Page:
Instagram, Social Media Platforms Face New Regulatory Challenges With Fintech Expansions

Instagram app. Credit by PixieMe/

Instagram app. Credit by PixieMe/

Instagram is the latest social media platform to offer financial services, announcing plans for a "checkout" feature on the app Tuesday.

It's far from the only tech platform to add financial services. Parent company Facebook and competitor Snapchat already allow users to transfer money on their apps. Instagram's new service, set to roll out over the coming weeks, will allow users to purchase products from a brand's post on the platform "without leaving Instagram."

"I think it's a huge value add because it makes for your product to be more of a one-stop shop. It also drives traffic, if you have everything available and you can check out," said Barrie VanBrackle, a partner at Orrick, Herrington & Sutcliffe who co-leads the firm's financial technology team. Behnam Dayanim, a partner at Paul Hastings, said offering fintech services can help companies monetize users and keep them engaged.

But the move from a social media platform just selling ads to a revenue model that includes financial services is a big transition from a regulatory and cultural standpoint, lawyers said. Tech companies used to fast-paced business changes may have to slow down, they said.

While social media companies already face regulations, it's a different compliance landscape than the finance industry. In-house counsel should alert their other company leaders that offering financial services means they'll likely need to increase compliance resources, Dayanim said.

"The idea of 'move fast and break things' doesn’t work as well when you're in a highly regulated industry," said Rebecca Simmons, a partner in Sullivan & Cromwell's financial services and capital markets groups. "So we do see people sometimes surprised at the amount of time it takes."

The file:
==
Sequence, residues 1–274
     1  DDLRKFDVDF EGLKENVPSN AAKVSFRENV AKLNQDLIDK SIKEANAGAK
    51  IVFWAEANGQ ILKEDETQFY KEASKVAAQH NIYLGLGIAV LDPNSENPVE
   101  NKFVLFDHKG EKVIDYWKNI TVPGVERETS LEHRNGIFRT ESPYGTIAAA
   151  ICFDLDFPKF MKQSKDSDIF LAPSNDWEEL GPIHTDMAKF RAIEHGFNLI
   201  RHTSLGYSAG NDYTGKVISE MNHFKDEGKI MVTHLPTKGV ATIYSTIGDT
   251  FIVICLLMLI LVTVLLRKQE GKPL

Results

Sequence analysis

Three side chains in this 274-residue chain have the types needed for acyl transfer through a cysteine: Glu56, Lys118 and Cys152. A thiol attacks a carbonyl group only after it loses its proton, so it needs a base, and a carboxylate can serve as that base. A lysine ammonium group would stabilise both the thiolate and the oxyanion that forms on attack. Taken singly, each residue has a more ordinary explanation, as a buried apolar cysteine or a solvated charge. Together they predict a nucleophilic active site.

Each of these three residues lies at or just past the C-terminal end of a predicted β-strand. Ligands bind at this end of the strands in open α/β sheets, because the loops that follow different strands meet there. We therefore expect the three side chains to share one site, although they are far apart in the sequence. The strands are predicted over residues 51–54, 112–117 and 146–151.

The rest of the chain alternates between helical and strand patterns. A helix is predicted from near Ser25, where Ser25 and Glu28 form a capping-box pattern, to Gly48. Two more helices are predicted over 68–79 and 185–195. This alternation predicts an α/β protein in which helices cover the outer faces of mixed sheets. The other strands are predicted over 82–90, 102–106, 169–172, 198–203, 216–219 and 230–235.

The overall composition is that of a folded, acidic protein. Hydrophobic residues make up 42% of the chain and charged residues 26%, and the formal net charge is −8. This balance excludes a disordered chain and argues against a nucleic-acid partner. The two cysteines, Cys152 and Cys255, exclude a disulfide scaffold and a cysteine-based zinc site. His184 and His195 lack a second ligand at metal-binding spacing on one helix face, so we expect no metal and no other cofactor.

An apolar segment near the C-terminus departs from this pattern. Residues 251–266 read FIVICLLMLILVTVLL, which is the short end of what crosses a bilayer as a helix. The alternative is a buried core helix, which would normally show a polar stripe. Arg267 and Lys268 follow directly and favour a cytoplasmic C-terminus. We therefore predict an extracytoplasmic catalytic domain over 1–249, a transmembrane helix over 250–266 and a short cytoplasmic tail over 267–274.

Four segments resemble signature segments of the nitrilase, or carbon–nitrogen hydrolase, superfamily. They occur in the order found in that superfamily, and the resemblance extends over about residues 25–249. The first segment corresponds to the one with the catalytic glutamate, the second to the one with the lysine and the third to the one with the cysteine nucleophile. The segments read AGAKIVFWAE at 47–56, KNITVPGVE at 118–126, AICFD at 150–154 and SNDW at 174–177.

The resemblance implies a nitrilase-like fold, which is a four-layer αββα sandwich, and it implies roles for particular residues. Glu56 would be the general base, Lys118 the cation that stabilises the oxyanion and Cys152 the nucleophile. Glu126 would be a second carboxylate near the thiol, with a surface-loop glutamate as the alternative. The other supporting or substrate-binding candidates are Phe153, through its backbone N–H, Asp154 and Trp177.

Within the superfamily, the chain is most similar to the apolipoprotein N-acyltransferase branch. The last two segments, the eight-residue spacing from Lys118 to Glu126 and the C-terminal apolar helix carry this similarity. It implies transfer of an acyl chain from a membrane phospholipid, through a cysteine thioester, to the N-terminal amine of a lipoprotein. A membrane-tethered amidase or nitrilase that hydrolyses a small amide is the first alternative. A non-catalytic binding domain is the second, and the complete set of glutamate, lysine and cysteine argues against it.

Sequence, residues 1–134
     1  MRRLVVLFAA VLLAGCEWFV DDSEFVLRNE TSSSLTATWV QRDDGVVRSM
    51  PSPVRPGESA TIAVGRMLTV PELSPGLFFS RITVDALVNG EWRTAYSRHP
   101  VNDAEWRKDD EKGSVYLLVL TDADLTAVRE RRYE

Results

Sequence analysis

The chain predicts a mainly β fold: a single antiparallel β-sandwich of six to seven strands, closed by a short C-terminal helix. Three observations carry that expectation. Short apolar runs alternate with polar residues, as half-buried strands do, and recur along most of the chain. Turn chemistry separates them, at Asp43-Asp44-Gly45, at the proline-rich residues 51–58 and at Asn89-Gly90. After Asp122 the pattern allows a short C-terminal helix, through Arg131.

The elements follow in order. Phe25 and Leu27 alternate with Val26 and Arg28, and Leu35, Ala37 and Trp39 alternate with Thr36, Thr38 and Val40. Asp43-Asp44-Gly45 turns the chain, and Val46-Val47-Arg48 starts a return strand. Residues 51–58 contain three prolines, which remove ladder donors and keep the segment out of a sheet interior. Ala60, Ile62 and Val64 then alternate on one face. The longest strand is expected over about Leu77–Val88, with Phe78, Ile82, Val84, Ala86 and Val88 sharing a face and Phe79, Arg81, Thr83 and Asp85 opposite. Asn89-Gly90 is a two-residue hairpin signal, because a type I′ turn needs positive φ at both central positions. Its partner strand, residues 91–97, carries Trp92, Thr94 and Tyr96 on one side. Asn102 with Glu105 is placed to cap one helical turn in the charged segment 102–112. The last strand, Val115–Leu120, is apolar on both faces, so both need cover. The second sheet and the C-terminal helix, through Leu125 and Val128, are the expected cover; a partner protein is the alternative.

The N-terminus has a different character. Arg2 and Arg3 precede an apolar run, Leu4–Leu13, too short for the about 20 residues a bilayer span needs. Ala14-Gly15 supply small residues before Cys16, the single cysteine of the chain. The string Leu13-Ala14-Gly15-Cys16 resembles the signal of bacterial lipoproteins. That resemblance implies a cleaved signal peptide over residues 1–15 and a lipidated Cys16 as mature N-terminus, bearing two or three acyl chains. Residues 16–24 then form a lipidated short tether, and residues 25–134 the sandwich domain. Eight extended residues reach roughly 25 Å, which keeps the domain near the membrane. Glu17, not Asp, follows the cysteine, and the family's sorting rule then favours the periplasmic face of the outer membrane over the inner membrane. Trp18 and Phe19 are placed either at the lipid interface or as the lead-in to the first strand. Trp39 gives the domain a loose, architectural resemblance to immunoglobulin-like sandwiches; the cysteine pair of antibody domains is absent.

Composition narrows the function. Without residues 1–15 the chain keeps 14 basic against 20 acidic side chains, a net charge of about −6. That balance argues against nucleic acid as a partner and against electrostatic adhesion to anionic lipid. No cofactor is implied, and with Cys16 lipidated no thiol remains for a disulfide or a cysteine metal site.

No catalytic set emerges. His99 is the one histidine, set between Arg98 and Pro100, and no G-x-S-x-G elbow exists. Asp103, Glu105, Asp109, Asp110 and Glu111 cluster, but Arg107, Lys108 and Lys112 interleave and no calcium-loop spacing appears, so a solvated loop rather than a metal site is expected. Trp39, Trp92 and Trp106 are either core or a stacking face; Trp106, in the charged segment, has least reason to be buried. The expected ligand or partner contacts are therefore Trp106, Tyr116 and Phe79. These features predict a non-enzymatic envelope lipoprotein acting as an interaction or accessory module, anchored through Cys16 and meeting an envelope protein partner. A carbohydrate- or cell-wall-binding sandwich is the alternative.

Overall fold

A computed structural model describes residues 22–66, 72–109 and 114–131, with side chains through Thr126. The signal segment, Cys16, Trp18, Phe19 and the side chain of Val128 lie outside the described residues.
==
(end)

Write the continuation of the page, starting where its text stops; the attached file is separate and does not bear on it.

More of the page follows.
That's especially true if companies choose not to partner with a bank or other established payment processing system. In most cases, that means companies must become a licensed money transmitter, which Dayanim notes "is not a small undertaking" for tech companies whose fast-paced decisions "are not the typically characteristics of a licensed transmitter."

He said social media platforms entering the financial services market should ask, "What are we trying to achieve here?" From there, executives can determine whether having a partnership or becoming a licensed transmitter better suits their needs.

"Always look at the money flow," VanBrackle said. "If you're touching money, you have to figure out, am I just a merchant? Do I just need to find a payment processor, because I'm just selling things? Or do I actually want to move money?"

She added companies seeking "total autonomy" over their platform's financial transactions may choose the second route. That can also lead to higher returns, Dayanim noted, as there's no need to pay third-party transaction fees. But they'll need to get a license in 49 U.S. states, Washington, D.C., and the Virgin Islands, VanBrackle said, and comply with a patchwork of laws subject to change.

Companies unsure if they need licensure should check with experts, Dayanim said, because he's seen platforms believe they're compliant when they're not "and they're engaged in a federal crime." Common mistakes he's seen include using "for the benefit of" accounts alone to avoid licensing requirements. While this can be part of a strategy that doesn't require a license, he said, it's not enough on its own.

It's easier to build a financial services program or partnership that's compliant from the start rather than fix legal issues after design, Simmons said. Lawyers should be in the room from day one, and work out compliance issues with design teams and those with a strong background in fintech.

"Do it early enough that you can integrate it into your design and your approach, so that you don't have to undo the work you've already done. You can design it in from the beginning," Simmons said.

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